Transcranial magnetic stimulation
|Anthony T. Barker and Ian Freeston (2007), Scholarpedia, 2(10):2936.
|revision #137270 [link to/cite this article]
Magnetic stimulation is a non-invasive method of stimulating the brain and peripheral nervous system using induced currents. When used to stimulate the brain it is normally referred to as Transcranial Magnetic Stimulation or TMS. The basic principle is shown schematically in figure 1.
Magnetic stimulation can be used as an alternative to conventional electrical stimulation of nerves in some applications because it has a number of advantages which are discussed later. Applications include deep peripheral nerve stimulation and the non-invasive and painless stimulation of the human brain, both to elicit responses directly and to modify excitability and plasticity.
Electrical stimulation of nerves and muscles was first shown by Galvani and Volta in the 1790s and its mechanism is now well understood1. Such stimulation, whereby excitable membranes are depolarised using current injected into the body via surface or implanted electrodes, is today widely used in both diagnosis and therapy. Examples of the former include measuring the speed of conduction of nerve action potentials in health and disease, and of the latter to stimulate muscles whose neural connections have been compromised to produce functionally useful contractions. Typical pulse parameters used to stimulate superficial nerves via surface electrodes are of the order of 20mA for 100μsec, with up to 250 volts needed to drive this current through the relatively high electrical resistance of the skin. Whilst very effective in many applications, electrical stimulation has some disadvantages. It can sometimes be painful, it is difficult to stimulate deep structures non-invasively, and the human brain is relatively inaccessible because of the high electrical resistance of the skull.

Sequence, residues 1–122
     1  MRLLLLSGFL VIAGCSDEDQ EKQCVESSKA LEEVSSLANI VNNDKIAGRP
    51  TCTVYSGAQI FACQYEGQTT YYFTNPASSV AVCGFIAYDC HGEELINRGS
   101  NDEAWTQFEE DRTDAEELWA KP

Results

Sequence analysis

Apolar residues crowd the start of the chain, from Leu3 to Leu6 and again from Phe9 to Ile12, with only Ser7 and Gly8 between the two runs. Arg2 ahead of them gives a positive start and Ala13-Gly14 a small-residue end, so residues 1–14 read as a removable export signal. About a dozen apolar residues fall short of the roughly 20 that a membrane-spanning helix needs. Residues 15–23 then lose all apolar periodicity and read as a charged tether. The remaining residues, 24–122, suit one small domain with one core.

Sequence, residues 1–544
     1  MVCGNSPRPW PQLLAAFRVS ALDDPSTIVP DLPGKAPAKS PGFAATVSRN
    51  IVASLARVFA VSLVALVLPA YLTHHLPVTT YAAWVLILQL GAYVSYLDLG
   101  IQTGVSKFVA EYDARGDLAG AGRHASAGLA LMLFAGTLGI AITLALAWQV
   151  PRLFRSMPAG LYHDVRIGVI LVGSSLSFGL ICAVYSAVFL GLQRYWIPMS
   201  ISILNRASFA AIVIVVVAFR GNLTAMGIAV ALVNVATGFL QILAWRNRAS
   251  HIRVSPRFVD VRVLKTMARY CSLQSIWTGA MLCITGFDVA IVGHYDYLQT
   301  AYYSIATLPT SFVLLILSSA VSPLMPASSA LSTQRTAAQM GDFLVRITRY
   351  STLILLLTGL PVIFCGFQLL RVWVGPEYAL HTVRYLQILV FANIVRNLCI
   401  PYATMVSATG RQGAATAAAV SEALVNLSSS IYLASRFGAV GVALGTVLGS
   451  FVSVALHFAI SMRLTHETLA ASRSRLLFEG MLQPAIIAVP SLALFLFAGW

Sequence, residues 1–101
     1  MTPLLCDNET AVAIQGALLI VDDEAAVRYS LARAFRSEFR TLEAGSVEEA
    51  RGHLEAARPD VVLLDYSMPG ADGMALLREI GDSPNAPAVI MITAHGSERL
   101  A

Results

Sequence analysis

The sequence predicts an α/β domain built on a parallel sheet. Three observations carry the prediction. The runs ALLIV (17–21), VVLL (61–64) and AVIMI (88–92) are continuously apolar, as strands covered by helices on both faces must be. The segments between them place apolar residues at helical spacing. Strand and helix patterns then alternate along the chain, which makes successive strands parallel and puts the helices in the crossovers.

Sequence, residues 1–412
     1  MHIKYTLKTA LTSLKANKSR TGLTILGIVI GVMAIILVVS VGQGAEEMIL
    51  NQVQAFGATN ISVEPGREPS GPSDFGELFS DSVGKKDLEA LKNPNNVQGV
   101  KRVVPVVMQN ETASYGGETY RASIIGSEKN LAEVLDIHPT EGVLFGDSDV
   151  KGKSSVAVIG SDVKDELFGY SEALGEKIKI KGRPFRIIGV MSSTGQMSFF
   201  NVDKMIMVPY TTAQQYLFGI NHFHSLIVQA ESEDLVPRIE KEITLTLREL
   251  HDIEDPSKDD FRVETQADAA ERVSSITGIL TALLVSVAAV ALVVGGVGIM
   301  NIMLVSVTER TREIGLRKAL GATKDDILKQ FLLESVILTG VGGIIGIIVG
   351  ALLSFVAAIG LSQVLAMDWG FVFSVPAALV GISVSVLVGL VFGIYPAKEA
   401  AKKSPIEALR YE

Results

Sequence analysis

Early development of magnetic stimulation
An alternative approach is to induce current in the body using time-varying magnetic fields. The underlying principles of electromagnetic induction were first discovered by Michael Faraday in 1831 and there were a number of attempts to utilise it to stimulate nerves and the brain around the turn of the 20th century (figure 2).
These early attempts were largely unsuccessful, because the technology was not available to generate the large and rapidly changing fields which are necessary. In 1976 a programme of work was started in the U.K. at the Royal Hallamshire Hospital and University of Sheffield with the specific goal of stimulating nerves using currents induced by short duration magnetic field pulses such that the resultant electrophysiological response could be recorded. This led, in 1982 to supramaximal stimulation of peripheral nerves being reported2. However it was not until the Sheffield group extended their work with the first demonstration of Transcranial Magnetic Stimulation in 1985 (figure 3)3 that there was widespread interest in the technique. It has since become widely established with a range of applications in both diagnosis and therapy, and commercial stimulators are available from several manufacturers.
Magnetic stimulation uses a brief but intense magnetic field pulse to induce electric fields, and hence currents, in the body which are proportional to the rate of change of magnetic field (dB/dt). If these currents are of appropriate amplitude, duration and orientation they will stimulate excitable structures by exactly the same mechanism as currents injected into the body using implanted or surface electrodes. Hence ‘magnetic’ stimulation is something of a misnomer - the mechanism at the neural level is in fact electrical – but it is a convenient shorthand to describe the method.
Magnetic stimulation has the major advantage over electrical stimulation of being able to stimulate the human brain and deep peripheral nerves without causing pain. The skull presents no barrier because the relatively low frequency magnetic fields (typically a few kHz) pass through it without attenuation. Magnetic stimulation is essentially painless because the induced current does not pass through the skin, where most of the pain fibre nerve endings are located. Additionally, the currents induced by magnetic stimulation are relatively diffuse and hence the high current densities that occur underneath the electrodes used for electrical stimulation do not occur. This lack of discomfort enables the technique to be readily used on patients and volunteers alike.